Neptune (formally known as Neptune Technologies and Bioressources, Inc.) was one of the pioneers of krill oil as a dietary ingredient and did some of the early scientific work on its efficacy and mode of action. Neptune, along with competitor Aker BioMarine, pushed the phospholipid content of the ingredient which yielded a more digestible form of omega-3s, and got around the ‘fishy burps’ common to fish oil-based omega-3s that turned a number of consumers off of the category.
And Neptune hawked the greater bioefficiency of krill oil. The base product is fairly low in omega-3s; the NOW Foods ‘Neptune Krill Oil’ supplement quotes only 120 mg of EPA and 70 mg of DHA for a one gram serving, below even the base 18:12 specification for fish oil. But the greater uptake of those omega-3s when bound to phospholipids was supposed to get around that issue, allowing consumers to take only one pill a day, instead of the two or more large pills common to fish oil dosages. Indeed, the Schiff MegaRed product, long the standard bearer of the category, built a huge brand on a single 500 mg serving that yielded only 64 mg of EPA and 30 mg of DHA.
But that message no longer seems to have the cachet it once did. Sales in the krill category have been tepid in recently years, reflecting the softness of the overall omega-3s market. With the sale of Schiff to Reckitt Benckiser, the support for the category in the form of the steady drumbeat of the ‘one pill a day’ ad campaign has fallen away. And Neptune’s own research has shown that supplement users have become more educated and have started to ask more questions about krill’s value, given its high price.
“We had a customer approach asking if we could boost our omega-3s profile,” Mike Timperio, vice president of global sales for Neptune, told NutraIngredients-USA. “It’s a way to differentiate one krill brand from another.”
Acetone process key to new ingredient
Neptune suffered a huge setback in November of 2012 with an explosion and fire that destroyed the company’s production facility in Sherbrooke, Quebec and killed three workers. The explosion was the result of the storage of acetone on the site, which the company used in its extraction process. Despite that mournful history, Neptune stuck with acetone when it rebuilt the plant, which has been back to full capacity for several years now. Timperio said the process offers flexibility that other methods of extracting krill don’t. No real retrofitting of the plant was required to produce the new ingredient.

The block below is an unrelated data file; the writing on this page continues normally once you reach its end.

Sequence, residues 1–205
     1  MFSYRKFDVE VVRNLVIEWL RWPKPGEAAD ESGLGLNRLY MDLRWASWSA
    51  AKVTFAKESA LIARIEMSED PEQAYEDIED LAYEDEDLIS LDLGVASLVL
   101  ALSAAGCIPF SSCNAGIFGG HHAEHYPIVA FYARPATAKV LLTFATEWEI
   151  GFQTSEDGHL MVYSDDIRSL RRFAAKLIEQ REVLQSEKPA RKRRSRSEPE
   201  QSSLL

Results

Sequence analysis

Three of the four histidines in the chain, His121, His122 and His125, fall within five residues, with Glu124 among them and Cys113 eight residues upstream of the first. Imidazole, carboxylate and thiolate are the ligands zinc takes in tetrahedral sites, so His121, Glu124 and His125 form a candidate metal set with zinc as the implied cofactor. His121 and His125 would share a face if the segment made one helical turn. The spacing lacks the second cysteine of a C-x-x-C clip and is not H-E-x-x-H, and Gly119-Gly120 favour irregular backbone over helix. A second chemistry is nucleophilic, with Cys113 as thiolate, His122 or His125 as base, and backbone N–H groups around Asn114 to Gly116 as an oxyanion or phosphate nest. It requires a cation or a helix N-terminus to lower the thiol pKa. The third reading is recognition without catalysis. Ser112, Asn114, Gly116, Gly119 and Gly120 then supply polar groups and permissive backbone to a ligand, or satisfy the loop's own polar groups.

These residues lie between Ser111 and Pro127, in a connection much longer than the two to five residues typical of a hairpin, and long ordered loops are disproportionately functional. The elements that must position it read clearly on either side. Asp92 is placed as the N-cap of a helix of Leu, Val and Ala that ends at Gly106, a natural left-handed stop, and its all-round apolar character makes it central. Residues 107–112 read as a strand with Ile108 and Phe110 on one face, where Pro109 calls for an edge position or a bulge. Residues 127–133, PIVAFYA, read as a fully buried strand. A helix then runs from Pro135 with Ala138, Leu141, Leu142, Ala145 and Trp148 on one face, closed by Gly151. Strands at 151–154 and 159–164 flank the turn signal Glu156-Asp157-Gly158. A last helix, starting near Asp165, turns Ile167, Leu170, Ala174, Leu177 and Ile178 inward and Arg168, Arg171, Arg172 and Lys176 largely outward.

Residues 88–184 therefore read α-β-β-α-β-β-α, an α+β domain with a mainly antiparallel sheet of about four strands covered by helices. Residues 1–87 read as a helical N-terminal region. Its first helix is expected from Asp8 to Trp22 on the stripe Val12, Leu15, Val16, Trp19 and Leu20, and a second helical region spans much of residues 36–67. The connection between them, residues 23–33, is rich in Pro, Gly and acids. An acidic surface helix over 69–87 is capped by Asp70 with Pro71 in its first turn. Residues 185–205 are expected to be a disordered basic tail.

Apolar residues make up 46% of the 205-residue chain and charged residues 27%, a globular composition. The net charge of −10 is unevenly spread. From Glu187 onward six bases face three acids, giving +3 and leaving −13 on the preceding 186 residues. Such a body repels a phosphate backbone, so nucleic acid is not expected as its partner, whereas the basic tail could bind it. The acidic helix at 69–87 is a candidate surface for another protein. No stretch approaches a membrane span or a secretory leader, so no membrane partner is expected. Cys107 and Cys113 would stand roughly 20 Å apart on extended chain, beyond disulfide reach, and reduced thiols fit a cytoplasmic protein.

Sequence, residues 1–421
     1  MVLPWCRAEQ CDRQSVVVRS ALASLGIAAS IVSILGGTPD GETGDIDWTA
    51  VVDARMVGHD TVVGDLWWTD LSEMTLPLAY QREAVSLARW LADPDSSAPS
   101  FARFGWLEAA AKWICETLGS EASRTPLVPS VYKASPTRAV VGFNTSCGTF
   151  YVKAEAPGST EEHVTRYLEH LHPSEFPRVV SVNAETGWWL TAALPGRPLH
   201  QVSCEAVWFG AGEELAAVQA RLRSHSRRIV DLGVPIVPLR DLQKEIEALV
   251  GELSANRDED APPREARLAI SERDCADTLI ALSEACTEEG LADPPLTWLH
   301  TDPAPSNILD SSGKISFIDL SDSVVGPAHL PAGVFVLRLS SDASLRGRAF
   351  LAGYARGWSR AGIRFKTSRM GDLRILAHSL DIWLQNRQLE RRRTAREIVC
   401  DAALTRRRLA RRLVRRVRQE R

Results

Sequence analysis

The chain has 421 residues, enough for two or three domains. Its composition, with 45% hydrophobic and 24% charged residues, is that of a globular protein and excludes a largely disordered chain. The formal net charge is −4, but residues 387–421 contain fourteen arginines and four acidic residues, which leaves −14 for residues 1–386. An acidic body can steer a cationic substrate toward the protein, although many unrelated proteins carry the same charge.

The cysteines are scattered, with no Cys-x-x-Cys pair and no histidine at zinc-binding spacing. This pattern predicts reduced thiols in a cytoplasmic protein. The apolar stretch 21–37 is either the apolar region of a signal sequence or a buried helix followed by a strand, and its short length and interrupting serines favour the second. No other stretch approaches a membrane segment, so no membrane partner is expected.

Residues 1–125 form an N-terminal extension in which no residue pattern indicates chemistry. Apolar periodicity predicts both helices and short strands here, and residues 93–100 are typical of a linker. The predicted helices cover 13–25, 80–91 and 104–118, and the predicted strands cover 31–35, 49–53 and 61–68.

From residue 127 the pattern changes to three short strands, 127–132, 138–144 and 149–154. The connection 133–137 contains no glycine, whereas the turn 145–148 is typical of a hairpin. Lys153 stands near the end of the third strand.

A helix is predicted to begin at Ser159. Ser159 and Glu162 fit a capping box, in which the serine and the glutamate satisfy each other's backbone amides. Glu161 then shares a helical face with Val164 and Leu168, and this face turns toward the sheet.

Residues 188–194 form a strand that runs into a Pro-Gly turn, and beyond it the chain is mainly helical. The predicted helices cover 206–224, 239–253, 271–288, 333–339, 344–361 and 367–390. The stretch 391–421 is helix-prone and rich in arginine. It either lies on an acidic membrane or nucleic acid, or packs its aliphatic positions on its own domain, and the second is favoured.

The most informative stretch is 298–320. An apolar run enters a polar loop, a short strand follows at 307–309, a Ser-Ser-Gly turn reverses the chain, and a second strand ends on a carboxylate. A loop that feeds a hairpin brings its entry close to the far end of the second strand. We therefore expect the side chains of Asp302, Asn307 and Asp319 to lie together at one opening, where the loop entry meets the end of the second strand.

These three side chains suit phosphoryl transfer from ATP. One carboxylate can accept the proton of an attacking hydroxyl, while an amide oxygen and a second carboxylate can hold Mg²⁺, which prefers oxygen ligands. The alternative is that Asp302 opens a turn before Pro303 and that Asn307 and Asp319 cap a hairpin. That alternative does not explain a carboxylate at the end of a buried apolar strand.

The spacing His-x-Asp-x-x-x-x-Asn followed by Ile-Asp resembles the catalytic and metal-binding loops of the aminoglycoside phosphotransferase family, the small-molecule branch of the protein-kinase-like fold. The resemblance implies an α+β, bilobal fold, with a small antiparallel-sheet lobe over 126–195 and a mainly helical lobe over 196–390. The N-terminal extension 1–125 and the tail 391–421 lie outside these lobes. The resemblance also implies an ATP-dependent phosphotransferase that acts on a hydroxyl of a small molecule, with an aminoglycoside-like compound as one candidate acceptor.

“In this case we used our assets that were already there and we tweaked our process. We looked at the recipe with a different eye, if you will. It’s more in how we used the raw material,” he said.
Timperio said the new ingredient will help krill compete more effectively in the crowded omega-3s marketplace. The MegaRed brand was once lauded as the largest selling single omega-3s SKU, but there are hundreds of omega-3s brands in the market and there has been significant innovation in the fish oil space since then.
“We did some consumer research and when we asked if they would buy a krill oil product that had more omega-3s than another brand they said yes. We are a B2B supplier, but we have to be aware of what consumers’ reasoning is when they look at the shelf. Although krill is a phospholipid-based product is has been low in omega-3s, and having a higher concentration would make it that much more attractive to the consumer because they relate to those omega-3 levels,” he said.